In Prince Edward Island, Newfoundland, on August 16, 1988 Randy Dalton’s wife, Brenda Dalton, died in the home that they shared together. Ronald Dalton, a bank manager at the time, was charged with murder just five hours after his wife’s death. It was alleged that he had strangled or smothered her to death.
Dalton maintained his innocence throughout his ordeal. He explained that his wife had chocked to death while eating Harvest Crunch cereal and that he had attempted to give her mouth-to-mouth resuscitation in an effort to save her life. At his first trail forensic pathologists testified that Brenda Dalton had been strangled or smothered to death. This testimony was the crux of the Crown’s evidence against Dalton. One year after Brenda’s death the jury was convinced and Dalton was convicted of second-degree murder. Although an appeal was filed within weeks, it was not until 1998 that the Newfoundland Court of Appeal heard his case. Dalton was finally released on bail pending an appeal and acquitted in June, 2000.
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At the Court of Appeal his second-degree murder conviction was set aside and a new trail was ordered. The defence successfully argued that the police investigating her death prematurely arrested Dalton before the autopsy had even been concluded. At his Supreme Court trial, beginning Wednesday, April 19, 2000 a professor of forensic pathology dismissed theories that Brenda Dalton had been strangled or smothered, and told the jury, Brenda Dalton had died of reflex cardiac arrest. He said he believed the arrest was triggered by something in the woman’s airway that she had become afraid, that fear caused various physiological affects that eventually caused her heart to shut down. Another forensic expert told a jury today, he didn’t think Ronald Dalton killed his wife.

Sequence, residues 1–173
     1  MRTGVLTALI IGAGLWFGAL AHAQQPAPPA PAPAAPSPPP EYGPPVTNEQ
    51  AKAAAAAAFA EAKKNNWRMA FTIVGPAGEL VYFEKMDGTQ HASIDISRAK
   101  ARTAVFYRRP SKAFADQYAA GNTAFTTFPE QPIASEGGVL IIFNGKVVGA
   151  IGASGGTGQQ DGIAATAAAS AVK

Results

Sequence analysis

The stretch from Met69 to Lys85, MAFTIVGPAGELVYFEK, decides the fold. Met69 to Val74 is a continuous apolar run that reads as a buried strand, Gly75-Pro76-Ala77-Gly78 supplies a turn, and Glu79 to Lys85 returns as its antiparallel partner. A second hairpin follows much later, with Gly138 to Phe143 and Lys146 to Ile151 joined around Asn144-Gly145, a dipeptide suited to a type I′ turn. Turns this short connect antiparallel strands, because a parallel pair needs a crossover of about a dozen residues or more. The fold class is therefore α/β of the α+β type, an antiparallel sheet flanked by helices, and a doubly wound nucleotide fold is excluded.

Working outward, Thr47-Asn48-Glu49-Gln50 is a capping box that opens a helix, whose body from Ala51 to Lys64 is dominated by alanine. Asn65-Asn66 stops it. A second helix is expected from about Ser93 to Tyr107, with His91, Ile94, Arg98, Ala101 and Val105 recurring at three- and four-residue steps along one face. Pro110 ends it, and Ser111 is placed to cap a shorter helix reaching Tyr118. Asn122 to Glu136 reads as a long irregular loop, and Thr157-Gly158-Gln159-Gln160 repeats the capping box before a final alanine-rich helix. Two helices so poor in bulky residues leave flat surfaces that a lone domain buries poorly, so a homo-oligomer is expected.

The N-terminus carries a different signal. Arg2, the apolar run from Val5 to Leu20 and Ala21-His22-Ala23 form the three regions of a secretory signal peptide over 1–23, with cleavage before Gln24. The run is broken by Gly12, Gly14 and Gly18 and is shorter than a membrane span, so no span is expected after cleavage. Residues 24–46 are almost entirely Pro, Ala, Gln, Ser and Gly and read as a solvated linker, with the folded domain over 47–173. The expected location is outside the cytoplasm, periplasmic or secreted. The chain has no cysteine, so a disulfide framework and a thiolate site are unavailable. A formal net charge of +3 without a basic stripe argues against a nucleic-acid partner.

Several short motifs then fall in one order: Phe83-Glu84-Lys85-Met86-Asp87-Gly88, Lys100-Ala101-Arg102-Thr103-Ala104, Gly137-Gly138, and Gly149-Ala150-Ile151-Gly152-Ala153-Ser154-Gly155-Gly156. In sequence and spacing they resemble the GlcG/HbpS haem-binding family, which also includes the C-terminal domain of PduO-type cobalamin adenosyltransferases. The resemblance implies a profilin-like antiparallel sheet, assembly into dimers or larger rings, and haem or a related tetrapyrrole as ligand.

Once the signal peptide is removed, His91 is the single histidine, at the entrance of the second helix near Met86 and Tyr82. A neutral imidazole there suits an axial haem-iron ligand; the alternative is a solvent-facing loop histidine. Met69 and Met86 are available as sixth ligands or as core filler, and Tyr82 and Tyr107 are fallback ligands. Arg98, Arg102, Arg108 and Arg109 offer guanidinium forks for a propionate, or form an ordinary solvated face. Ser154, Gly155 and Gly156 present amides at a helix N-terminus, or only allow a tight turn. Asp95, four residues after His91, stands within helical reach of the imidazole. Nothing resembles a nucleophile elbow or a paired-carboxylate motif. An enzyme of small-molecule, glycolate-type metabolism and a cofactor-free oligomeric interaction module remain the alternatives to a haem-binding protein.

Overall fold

The Crown maintained that she was either strangled or smothered and had expert witnesses testify to their theory. However the defence prevailed, as after hearing five months of evidence the jurors sided with the defence. On June 20, 2000 the jury in Dalton murder trial entered into deliberations. Five days later on Sunday, June 25, 2000 Ronald Dalton was declared innocent and was finally a free man. He was fully exonerated twelve years following his wrongful conviction for a murder that never happened.
Dalton said, “I’m just really happy and glad that it’s over. I’ve always known I’m not guilty, but it’s nice to have everybody know that”
Dalton called for a public inquiry into his wrongful conviction. Following the inquiry the Newfoundland and Labrador government agreed to compensate Dalton who spent nearly eight years in prison waiting to appeal a murder conviction, $750,000 in compensation,
“You’re never going to restore my confidence in the justice system. I’ll always know there’ll be people out there thinking that I got away with murder and that’s not going to go away. … I’m not going to get back the 15 years that I lost. There’s no amount of compensation or apologies that will deal with that.”” Dalton spoke of his hardship.